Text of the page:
Our regional what-if as the Miami Heat try to prevent the Los Angeles Lakers from winning the NBA championship (Disney bubble edition) on Friday night is a persistent one. Actually, it’s two-fold:
Would the Celtics have defeated the Heat and advanced to the NBA Finals had Gordon Hayward been healthy?
And would the Celtics have given the Lakers a tougher time than the Heat had they overcome Miami in the Eastern Conference Finals.
I’m more positive about these Celtics than most — reaching the NBA final four is an achievement, especially under this season’s circumstances — and I do lean yes and yes on the answers.
I’ll acknowledge that in the conference final, the Celtics were to the Heat what the Heat have been to the Lakers: The slightly lesser team that always seems to be fighting and lumbering uphill, even in victory.
The perception around here is that the Celtics blew two early games to the Heat, and there’s some truth there, but the Heat deserve more credit than they get for winning them. The healthier and better team won that series.
Now, against LeBron James, Anthony Davis, and a quirky but effective supporting cast, the Heat are hobbling — Celtics tormentor Goran Dragic hasn’t even played in this series — and they suddenly require everything to go right to prevail. So far, it’s happened once, when they got as flawless a performance as you will ever see from Jimmy Butler to win Game 3.
But a healthy Hayward — the version who was a poised initiator on offense, a savvy passer, and was playing his most aggressive basketball of his star-crossed Celtics career before rolling his ankle in the first playoff game — would have made a major difference.
Yes, a big enough difference to defeat the Heat. And at least enough to make the Lakers sweat for what appears to be their inevitable 17th title. I wish we’d gotten that matchup, almost as much as ESPN/ABC executives do when they see the Nielsen ratings.
As we watch this strangest of seasons' final scenes play out, I must admit there’s an even broader what-if regarding Hayward that bounces through the mind like a Spalding.
What if, when he was the most coveted free agent on the market in summer 2017, he’d signed with the Heat rather than the Celtics?
Now, I’m not advocating that we should wish that had taken his talents to South Beach, not for a second. Hayward has had horrific luck beginning with the fifth minute of his Celtics career, but signing him to that four-year, $128 million contract was a move that no one would have had a beef with at the time.
The Celtics were coming off an unexpected, satisfying, Isaiah Thomas-led trip to the Eastern Finals. Reuniting the All-Star Hayward with his college coach, Brad Stevens, was a daydream-come-true of a transaction.
Anyone saying now, after all Hayward has endured, that they shouldn’t have signed him in the first place is pretending the clarity of their hindsight matches what they thought then. Don’t be a sucker for that kind of misleading sports-takery.
If you want to play the hindsight game, there’s a more authentic way to do it. The interesting question is not whether the Celtics should have signed Hayward, but to consider this butterfly-effect scenario and ask this: How would things have played out had he signed with the Heat instead?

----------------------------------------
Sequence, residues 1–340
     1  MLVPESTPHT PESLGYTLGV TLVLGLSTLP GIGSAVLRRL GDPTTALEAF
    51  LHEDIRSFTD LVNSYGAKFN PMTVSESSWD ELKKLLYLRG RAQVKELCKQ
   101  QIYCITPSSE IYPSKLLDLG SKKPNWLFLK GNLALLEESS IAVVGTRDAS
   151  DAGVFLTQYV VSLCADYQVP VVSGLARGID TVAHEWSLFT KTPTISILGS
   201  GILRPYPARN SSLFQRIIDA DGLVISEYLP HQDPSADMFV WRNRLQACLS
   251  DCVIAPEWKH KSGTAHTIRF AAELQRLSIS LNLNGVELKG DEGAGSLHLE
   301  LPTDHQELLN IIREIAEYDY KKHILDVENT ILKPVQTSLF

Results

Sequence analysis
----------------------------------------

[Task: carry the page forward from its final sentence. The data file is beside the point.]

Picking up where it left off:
When Hayward hit free agency in the summer of 2017, the conventional wisdom was that he would stay with the Jazz or join the Celtics to reunite with his coach at Butler, Brad Stevens. But the Heat, with Pat Riley turning on his slick charm, gave him a third option to consider, as Hayward later told ESPN’s Adrian Wojnarowski.
“Riley kind of talked a little bit,” he said. “And that was the moment where you kind of do get some chills. And everyone’s wearing their ring, too, everybody on the staff was. And so that’s the moment where you’re like, ‘Wow, that’s really cool,’ an I-want-to-put-on-the-jersey-right-now type feeling.”
Hayward said he left the meeting with Riley, coach Erik Spoelstra, and other Heat personnel believing it might be the right fit. But the Heat couldn’t pull off the upset. Four days later, Hayward joined the Celtics.
Celtics president of basketball operations Danny Ainge had to move some pieces around to make Hayward’s salary fit. That included renouncing the rights to forward Kelly Olynyk, who almost immediately signed with the Heat (four years, $50 million), where he has been a reliable scoring option much like he was with the Celtics.
Later that summer, the Celtics traded Jae Crowder — who had become incensed during the 2016-17 season when Celtics fans cheered Hayward as a member of the Jazz — and Thomas, among other pieces, to the Cavaliers for Kyrie Irving. Crowder, who bumped Hayward on the play in which he broke his ankle in his Celtics debut, is now reunited with Olynyk with the Heat, where he is a defensive whiz who occasionally throws in a 3-pointer.
Hayward announced he was joining the Celtics with a 2,000-word first-person story on the Players' Tribune. He cited the wining culture of Boston sports as something that appealed to him, but closed by acknowledging how much the chance to play for Stevens again shaped his decision.
"And of course, there was Coach Stevens,'' he wrote. "Not just for the relationship that we’ve built off the court — but also for the one that we started building on the court, all of those years ago, in Indiana.
“And that unfinished business we had together, back in 2010, when I left Butler for the NBA [after losing the NCAA title game to Duke] … as far as I’m concerned, all of these years later, we still have it: And that’s to win a championship.”
All these years later, the quest remains elusive. But if Hayward — who can opt out of his contract but is expected back next season — can stay healthy when it matters the most, the Celtics' chances of winning that title might just be fulfilled.